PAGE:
Not only that, but we have numerous warnings from the Blessed Mother and many of these same Saints about the number of souls condemned to hell. While such warnings are widely viewed as quaint relics from a benighted age to most priests and prelates in the Church today, they have been so numerous, so consistent, and so emphatic that to doubt or deny them is a fool’s errand. I certainly do not. I take these warnings deadly seriously, as I take the biblical types that reveal to us the very small number of the elect, and the great number of the damned.
So, yes, I take Confession very seriously, and its lack of availability as one of the greatest scandals afflicting the Church today. In fact, lack of Confession and unwillingness to take its vital necessity seriously constitute very large elements of the present crisis in the Faith. Thus, the great number of souls falling to hell like so many snowflakes, to quote Our Lady of Fatima.
Several years ago, at the time when former Bishop Farrell was making his exhortations, I did a post that summarized the availability of Confession in the Diocese. I checked most every parish. Some had zero regular hours for Confession. Most had one. A few had two. A tiny handful had somewhat more. Two parishes stood out as placing a great (or, one might say, adequate) emphasis on Confession. I’m sure locals know which two those are (Mater Dei, and St. William in Greenville).
So, even as someone who has admitted mistakes and made public apologies in the past, I don’t feel particularly bad about the post announcing +Burke’s visit and Mass. I didn’t criticize Cardinal Burke in the slightest (in fact I praised him quite a bit), all my critical comments were directed towards confession and the probability, the virtual certitude, that, on a daily basis, souls with unconfessed mortal sins receive the Blessed Sacrament – and the role the diminution of the importance of Confession plays in that. Perhaps I erred in prudence in combining critical commentary in an announcement post for a happy event. Perhaps I could have chosen more artful phrases. But if I erred in charity, it was for the souls of those in gravest risk of eternal damnation, preferring their eternal destiny over more human concerns like the feelings of my correspondents or the pastor of the parish I criticized. Of course, even that may be argued as simply misplaced zeal, but that was my intent, nonetheless.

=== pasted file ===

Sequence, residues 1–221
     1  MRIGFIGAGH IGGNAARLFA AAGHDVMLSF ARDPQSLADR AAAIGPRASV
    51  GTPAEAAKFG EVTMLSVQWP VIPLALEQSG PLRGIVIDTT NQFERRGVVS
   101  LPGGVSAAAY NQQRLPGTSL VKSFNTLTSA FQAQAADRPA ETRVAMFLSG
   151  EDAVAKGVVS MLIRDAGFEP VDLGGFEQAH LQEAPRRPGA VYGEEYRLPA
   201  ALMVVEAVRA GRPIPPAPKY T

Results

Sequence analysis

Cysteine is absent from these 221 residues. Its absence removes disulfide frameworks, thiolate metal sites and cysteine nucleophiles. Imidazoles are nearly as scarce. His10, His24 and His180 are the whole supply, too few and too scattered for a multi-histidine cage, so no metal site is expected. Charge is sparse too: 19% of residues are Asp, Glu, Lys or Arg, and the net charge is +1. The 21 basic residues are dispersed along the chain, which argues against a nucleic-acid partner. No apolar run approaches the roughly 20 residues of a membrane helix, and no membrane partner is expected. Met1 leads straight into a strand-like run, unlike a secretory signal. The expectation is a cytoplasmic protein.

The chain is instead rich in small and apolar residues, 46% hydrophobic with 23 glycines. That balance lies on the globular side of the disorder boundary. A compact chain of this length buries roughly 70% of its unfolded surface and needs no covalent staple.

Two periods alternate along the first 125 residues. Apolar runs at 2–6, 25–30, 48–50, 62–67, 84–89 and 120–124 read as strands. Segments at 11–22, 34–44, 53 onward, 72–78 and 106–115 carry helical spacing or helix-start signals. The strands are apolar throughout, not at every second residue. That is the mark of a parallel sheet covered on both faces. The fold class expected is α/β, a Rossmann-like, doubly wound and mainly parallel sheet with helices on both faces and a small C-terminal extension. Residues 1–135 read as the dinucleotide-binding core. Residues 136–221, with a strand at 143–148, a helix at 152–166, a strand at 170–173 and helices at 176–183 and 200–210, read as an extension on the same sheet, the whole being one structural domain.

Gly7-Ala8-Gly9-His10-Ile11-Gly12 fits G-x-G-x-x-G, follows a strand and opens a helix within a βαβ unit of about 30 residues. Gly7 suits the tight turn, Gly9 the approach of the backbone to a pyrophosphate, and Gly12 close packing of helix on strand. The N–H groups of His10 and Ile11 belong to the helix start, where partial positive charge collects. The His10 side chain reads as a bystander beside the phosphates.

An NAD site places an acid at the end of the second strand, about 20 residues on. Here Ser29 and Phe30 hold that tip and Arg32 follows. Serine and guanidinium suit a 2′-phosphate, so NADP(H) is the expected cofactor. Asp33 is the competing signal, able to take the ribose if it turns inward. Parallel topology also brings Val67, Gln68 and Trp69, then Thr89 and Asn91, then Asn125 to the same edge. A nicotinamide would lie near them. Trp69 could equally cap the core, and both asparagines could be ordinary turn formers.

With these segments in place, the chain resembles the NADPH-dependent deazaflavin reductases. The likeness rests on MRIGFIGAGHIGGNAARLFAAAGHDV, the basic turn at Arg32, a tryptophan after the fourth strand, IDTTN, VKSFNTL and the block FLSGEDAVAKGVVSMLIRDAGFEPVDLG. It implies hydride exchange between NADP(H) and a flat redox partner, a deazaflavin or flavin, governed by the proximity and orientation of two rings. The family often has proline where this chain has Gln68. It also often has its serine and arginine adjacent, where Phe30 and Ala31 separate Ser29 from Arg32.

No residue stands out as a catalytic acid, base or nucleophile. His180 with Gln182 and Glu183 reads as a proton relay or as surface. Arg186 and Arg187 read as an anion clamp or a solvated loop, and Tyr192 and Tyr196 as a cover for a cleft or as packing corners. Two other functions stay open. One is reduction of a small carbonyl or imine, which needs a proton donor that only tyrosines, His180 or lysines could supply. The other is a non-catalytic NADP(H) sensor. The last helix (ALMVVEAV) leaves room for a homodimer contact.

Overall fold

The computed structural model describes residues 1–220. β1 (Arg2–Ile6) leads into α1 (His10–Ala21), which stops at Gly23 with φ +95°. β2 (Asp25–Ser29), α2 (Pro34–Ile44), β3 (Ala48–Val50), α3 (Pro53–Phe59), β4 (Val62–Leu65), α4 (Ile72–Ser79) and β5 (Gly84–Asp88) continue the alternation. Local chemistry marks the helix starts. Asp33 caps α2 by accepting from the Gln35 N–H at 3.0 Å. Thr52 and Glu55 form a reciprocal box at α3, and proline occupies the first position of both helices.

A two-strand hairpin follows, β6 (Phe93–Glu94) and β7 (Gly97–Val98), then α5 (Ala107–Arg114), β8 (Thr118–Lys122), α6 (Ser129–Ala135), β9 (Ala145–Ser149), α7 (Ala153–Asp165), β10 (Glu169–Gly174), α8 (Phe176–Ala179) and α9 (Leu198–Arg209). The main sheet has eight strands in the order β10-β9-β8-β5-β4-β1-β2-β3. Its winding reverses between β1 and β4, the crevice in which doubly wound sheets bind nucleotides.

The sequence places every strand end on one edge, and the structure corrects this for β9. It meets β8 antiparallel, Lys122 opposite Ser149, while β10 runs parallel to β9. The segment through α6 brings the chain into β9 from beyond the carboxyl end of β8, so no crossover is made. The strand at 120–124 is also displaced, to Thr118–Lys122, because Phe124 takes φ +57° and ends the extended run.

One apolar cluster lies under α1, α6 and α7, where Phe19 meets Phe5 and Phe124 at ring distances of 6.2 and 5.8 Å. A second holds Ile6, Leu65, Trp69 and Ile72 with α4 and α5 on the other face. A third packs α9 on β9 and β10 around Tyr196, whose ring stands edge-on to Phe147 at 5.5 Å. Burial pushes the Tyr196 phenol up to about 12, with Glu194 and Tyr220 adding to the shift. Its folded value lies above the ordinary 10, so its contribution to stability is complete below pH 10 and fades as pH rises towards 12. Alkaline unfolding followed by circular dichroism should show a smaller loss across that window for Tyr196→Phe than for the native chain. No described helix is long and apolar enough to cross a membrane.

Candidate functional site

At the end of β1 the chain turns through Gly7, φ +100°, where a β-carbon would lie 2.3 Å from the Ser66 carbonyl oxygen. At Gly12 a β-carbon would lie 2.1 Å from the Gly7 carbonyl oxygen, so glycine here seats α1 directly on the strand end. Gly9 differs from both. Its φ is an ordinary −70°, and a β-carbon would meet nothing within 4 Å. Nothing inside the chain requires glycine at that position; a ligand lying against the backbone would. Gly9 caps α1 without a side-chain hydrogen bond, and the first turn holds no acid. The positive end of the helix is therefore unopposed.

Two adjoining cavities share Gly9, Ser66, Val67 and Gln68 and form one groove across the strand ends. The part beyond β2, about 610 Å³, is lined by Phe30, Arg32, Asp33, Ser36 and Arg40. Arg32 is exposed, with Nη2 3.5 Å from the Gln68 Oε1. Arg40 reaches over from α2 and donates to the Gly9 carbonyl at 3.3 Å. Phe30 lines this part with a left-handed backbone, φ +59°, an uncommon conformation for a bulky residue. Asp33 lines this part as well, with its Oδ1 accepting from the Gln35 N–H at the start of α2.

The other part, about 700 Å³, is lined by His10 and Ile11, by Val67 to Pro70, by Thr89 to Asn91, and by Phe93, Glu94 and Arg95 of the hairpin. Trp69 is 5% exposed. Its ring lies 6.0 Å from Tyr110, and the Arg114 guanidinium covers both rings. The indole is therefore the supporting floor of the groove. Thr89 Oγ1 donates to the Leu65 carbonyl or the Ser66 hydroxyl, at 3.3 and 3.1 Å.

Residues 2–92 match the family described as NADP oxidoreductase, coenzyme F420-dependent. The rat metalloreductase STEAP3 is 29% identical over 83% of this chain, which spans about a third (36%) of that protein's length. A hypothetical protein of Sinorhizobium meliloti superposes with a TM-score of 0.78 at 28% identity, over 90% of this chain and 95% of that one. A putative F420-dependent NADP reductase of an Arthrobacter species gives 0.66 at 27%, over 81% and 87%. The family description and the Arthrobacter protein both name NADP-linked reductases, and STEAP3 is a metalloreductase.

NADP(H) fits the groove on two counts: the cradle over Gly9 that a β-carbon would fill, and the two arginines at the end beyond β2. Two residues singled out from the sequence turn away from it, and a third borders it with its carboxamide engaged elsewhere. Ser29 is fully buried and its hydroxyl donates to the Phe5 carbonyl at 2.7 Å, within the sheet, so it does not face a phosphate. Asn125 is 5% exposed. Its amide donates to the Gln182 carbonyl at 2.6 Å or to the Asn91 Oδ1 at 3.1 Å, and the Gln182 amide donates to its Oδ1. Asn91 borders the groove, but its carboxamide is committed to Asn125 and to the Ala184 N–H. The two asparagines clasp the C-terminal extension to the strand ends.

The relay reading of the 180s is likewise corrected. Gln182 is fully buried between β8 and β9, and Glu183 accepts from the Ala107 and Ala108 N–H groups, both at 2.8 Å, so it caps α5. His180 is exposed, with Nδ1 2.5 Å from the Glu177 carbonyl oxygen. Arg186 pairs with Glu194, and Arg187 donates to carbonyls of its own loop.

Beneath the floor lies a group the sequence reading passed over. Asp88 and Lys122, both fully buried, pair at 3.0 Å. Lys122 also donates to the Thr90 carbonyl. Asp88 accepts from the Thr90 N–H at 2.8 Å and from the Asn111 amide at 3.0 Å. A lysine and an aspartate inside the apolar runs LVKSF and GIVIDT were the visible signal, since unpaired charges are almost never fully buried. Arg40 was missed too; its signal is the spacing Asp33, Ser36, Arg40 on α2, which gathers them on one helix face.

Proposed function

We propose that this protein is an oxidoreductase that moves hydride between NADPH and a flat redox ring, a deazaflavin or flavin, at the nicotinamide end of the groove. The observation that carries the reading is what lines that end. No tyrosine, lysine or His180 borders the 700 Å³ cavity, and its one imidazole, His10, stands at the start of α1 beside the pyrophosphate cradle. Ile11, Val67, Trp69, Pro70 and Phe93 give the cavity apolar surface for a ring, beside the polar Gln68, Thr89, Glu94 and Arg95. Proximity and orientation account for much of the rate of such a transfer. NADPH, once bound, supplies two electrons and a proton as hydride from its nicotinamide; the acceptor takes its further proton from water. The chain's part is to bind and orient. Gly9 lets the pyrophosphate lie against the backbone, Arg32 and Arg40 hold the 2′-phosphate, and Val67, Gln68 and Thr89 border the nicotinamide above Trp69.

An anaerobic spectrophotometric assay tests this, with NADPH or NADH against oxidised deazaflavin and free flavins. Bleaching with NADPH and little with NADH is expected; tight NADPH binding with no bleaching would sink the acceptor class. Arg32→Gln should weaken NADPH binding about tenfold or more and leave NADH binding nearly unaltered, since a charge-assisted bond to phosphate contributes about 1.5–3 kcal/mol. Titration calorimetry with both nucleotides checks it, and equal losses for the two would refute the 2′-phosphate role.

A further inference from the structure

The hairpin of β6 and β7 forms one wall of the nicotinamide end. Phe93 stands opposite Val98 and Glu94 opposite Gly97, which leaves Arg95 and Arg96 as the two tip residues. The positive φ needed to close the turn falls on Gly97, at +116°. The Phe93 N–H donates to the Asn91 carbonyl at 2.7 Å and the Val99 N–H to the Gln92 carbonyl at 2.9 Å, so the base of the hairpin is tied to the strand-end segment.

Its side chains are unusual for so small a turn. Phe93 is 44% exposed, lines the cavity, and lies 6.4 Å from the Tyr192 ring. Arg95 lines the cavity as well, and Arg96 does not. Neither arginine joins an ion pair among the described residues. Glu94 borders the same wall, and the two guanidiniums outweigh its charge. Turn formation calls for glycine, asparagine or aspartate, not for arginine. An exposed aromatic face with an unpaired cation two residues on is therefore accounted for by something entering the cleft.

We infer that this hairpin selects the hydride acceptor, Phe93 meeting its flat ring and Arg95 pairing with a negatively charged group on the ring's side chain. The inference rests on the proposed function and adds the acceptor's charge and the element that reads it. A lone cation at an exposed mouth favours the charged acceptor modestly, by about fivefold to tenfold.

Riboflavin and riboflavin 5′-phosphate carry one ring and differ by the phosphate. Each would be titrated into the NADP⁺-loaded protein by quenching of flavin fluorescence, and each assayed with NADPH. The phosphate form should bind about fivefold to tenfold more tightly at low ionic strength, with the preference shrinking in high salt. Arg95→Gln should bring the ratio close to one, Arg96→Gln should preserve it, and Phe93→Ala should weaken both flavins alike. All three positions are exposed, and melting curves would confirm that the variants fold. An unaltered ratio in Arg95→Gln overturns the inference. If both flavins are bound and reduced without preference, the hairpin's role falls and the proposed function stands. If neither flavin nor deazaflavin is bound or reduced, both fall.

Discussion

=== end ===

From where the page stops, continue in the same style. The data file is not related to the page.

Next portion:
PS – There were claims I had erred in stating Mary Immaculate – the parish that hosted Cardinal Burke – had only one hour of Confession a week. That was all that was listed on their website (in addition to “by appointment”). I also perused a few bulletins. I saw no other times listed. But apparently, there is a monthly meeting/confab called “Arise” (not entirely unproblematic in its own right) where priests hear Confession. I have no details as to how many priests are present, or for how long Confession is available. Whether this constitutes “regular” Confession or not is arguable. But I thought I’d include this only substantive rebuttal of my arguments for completeness’ sake.
I certainly welcome your comments and appraisal of the matter, if you have any. Thank you.
The Atrocious Conditions Inside the Southwestern Abortuary January 20, 2017Posted by Tantumblogo in abdication of duty, Abortion, asshatery, contraception, Dallas Diocese, disaster, error, foolishness, General Catholic, horror, It's all about the $$$, rank stupidity, scandals, secularism, self-serving, sexual depravity, sickness, Society.
I have prayed outside so-called “Southwestern Women’s Surgery Center” many times. This is the abortion mill – though butcher shop might be a more apt description – operated by former baptist minister and long time abortion fanatic Curtis Boyd. A woman probably undergoing an abortion apparently had a medical emergency at Boyd’s shop recently. Which is hardly surprising, considering the atrocious conditions found inside, as detailed in a 22 page report listing health and safety violations at the abortion mill. Lots of very revealing, if terrifying, detail below:
An ambulance was called to Southwestern Women’s Surgery Center in Dallas, Texas, on January 12, 2017, to aid a woman who was removed from the abortion facility in a wheel chair prior to being loaded into the ambulance.